© 2015 The Authors. Aquaculture Research Published by John Wiley & Sons Ltd. This is an open access article under the terms of the Creative Commons Attribution License, which permits use, distribution and reproduction in any medium, provided the original work is properly cited.

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Photoperiod and early salmon maturation C Good et al.

We procured Atlantic salmon eyed eggs from a commercial supplier; broodstock were spawned in late November, 2011 and eggs were 100% hatched by late February, 2012. The salmon were raised from first feeding up to 12 months post hatch under either constant (i.e. 24 h) or reduced (18 h:6 h) photoperiod. The only break in this treatment regimen was to provide, beginning at approximately 40 g average weight, a 6-week S0 ‘winter’ (i.e. 12 h:12 h) photoperiod, as per industry recommendations, in order to induce smoltification in both groups, after which the two groups were returned to their original photoperiod treatment. From first feeding until the end of the S0 winter, all fish were held in circular 0.5 m3 tanks (six tanks receiving 24 h photoperiod and six tanks receiving 18 h:6 h photoperiod) in a flowthrough system, after which they were transferred to a partial water reuse system and reared in 10 m3 circular dual-drain tanks (one tank per treatment). Throughout the first 12 months of the study, the 24 h photoperiod was achieved by exposing fish to the facility’s constant lighting, while the 18 h:6 h photoperiod was achieved by covering the specific culture tanks with black, opaque plastic tarps and providing 18 h light per day underneath these covers, followed by 6 h of darkness. After the first year of rearing, all fish in the 24 h group were adipose fin-clipped for later identification, and then all fish from both groups were transferred to a semi-commercial scale RAS, containing a single 150 m3 dual-drain culture tank, and raised to 24 months post hatch, at which point they were depurated and harvested as food fish. The only fish removed from the semicommercial scale RAS prior to the final harvest were (1) occasional culls due to external Saprolegnia spp. infections and (2) all visibly mature males (grilse) at 19 months post hatch. During this latter grilse harvest, fin clips were noted to determine the photoperiod treatment regime for each fish removed. Aside from the photoperiod treatment, all other conditions remained the same between the two groups, including feed and feeding rates, water quality and stocking densities. Mean ( SD) water temperatures during each phase of rearing were (i) fry tanks: 13.7C  0.3°C; (ii) partial reuse system: 13.0  0.4°C and (iii) semi-commercial scale RAS: 15.2  0.7°C. Lighting in the fry tank system was provided by full-spectrum, incandescent bulbs, while lighting in the partial reuse and grow-out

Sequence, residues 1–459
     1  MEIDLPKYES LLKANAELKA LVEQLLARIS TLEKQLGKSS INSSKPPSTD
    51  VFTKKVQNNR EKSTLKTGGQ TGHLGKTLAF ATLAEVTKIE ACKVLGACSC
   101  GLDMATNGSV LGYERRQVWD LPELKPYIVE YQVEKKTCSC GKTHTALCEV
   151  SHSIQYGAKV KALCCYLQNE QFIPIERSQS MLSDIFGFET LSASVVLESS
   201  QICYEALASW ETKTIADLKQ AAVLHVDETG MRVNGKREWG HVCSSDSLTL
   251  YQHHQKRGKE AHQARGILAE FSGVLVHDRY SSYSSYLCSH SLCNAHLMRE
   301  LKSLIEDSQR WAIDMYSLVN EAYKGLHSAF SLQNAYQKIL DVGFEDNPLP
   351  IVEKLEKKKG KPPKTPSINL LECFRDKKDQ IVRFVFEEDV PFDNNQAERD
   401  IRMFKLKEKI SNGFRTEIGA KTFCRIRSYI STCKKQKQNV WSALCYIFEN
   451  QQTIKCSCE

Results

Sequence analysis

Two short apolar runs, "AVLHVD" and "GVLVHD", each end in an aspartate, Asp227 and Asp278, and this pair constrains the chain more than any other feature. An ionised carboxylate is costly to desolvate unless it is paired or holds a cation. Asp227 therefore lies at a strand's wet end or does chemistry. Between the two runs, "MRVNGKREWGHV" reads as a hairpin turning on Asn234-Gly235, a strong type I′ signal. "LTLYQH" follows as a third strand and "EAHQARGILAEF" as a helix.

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Aquaculture Research, 2015, 1–5